EIGHTY new jobs are to be created in Buxton after plans for a specialist care home were unanimously approved.
The move had been welcomed by councillors who said the proposals to redevelop the site of the former Haddon Hall Hotel would “create jobs at a time when they were badly needed” with 72 full-time posts and eight part-time jobs generated.
The new 75-bedroomed three-storey care home will specialise in dementia care, filling a gap in provision not just in Buxton but across the High Peak.
Mike Hughes, agent for the developers and care home operator, said: “It is a fact that the number of people suffering from dementia is rising. There is a shortfall in specialist care facilities and this development will provide much-needed dementia care.
“Eighty jobs will be created – a major boost to the local economy.”
Mr Hughes said: “Should the application be approved today the proposed development will start on site by the end of December.”
Councillor David Lomax, moving approval of the application, said a good consultation had been carried out and the applicants had listened to what people said.
Cllr Bob McKeown said the original building had been imposing and thanked officers and the applicants for the work they had done to ensure a suitable replacement, adding, “It will create jobs at time when they are badly needed and I will second the recommendation.”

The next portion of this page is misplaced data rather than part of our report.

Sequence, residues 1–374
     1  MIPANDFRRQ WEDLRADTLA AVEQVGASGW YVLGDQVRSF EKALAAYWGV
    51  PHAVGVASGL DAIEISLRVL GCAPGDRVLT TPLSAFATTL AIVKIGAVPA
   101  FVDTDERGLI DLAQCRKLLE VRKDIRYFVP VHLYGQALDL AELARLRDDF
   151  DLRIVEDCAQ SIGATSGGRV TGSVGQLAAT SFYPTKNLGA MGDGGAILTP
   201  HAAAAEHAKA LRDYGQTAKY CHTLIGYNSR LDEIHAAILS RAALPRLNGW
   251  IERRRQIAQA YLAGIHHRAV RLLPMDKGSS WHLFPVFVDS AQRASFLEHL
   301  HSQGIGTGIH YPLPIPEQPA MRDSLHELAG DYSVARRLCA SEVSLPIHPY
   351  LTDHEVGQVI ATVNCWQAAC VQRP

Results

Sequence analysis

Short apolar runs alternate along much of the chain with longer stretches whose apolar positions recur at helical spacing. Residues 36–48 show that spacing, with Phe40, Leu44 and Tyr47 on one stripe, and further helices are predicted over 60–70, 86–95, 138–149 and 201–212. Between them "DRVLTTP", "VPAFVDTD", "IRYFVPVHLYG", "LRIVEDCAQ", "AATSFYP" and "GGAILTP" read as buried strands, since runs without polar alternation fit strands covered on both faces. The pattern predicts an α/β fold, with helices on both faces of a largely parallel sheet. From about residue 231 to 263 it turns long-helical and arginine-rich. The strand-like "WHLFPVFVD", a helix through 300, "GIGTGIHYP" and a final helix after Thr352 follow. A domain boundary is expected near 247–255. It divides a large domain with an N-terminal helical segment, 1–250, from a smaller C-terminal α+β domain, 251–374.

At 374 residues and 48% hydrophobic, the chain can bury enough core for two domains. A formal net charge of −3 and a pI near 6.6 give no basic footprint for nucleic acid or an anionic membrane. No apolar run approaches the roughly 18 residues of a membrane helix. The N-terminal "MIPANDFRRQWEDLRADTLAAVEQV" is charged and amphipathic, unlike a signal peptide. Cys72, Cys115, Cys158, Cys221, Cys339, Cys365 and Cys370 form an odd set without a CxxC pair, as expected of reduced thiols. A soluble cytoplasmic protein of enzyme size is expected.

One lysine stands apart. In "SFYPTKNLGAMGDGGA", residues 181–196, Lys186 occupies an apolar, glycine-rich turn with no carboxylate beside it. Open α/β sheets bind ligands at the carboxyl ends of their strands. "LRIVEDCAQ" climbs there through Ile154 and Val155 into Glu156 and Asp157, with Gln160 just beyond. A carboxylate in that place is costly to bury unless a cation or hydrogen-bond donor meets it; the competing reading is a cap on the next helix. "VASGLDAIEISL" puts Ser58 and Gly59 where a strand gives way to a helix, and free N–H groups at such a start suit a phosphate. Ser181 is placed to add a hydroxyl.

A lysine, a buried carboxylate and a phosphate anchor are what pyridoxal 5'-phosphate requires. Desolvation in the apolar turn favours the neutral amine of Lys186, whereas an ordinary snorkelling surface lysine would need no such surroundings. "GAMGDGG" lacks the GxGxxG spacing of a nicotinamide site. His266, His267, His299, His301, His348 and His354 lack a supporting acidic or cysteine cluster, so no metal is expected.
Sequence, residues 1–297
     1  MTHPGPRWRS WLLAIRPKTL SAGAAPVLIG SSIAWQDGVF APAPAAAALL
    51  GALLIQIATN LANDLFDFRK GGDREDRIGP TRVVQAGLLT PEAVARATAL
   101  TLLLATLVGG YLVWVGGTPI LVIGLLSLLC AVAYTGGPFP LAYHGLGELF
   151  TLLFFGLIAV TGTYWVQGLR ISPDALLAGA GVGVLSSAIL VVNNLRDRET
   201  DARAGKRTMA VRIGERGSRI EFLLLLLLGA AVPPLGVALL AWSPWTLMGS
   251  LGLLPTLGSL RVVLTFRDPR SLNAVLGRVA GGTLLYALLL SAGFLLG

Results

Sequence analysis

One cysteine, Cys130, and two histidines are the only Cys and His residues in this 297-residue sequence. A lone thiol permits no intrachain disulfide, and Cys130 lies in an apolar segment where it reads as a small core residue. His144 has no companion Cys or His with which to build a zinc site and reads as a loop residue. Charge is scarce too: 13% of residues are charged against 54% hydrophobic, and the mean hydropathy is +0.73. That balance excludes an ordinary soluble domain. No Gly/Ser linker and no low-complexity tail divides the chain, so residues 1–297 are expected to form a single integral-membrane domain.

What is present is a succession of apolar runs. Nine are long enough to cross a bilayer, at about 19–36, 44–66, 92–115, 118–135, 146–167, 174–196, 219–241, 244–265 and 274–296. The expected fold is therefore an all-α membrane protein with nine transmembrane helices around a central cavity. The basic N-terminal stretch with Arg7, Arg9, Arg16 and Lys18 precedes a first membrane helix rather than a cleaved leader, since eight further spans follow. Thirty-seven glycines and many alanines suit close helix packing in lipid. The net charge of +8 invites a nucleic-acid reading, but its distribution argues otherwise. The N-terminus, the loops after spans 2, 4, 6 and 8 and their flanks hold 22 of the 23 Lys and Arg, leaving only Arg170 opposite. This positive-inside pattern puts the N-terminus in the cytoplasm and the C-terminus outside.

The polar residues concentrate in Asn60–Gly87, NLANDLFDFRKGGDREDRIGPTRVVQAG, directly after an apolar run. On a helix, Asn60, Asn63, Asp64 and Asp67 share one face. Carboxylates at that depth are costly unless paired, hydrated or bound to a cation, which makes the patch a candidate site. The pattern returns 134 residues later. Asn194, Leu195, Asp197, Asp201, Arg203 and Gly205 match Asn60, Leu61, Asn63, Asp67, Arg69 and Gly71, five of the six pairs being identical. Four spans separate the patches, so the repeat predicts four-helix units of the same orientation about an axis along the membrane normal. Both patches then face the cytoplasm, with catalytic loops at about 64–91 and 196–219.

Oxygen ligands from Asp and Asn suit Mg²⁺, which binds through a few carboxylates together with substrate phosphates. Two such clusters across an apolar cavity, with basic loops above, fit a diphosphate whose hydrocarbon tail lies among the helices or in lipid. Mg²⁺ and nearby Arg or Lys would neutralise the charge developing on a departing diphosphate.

Councillor Tim Norton said the developers had succeeded in putting forward a fitting building for the area.
Conservation campaigners, The Buxton Group, gave their unanimous support to the development. In their comments they said: “The whole scheme is well thought out and this substantial building is a suitable replacement for its predecessor.”
The Haddon Hall Hotel had at one time been an imposing landmark building before becoming derelict. The building suffered extensive fire damage in 2010 and was demolished last year.
However Cllr Norton did express concerns over the number of parking spaces with 29 proposed.
“I do have some concerns that at certain times there will be parking problems on site,” he said.
“But I think it is a good design, a good use of the site and something which is needed within the area.”
Two letters of objection were received also expressing concerns that not enough car parking spaces were provided and the potential disturbance to nearby residents – particularly those at Marion Court.
Mr Hughes said: “Parking provision was discussed and agreed with the highway department and the number proposed is more than the required amount by parking standards.
“In terms of potential noise and disturbance we are keen to ensure no harm to the amenity of local residents and are more than happy to see suitable conditions added.”
The application, which includes landscaping works, was approved subject to numerous conditions.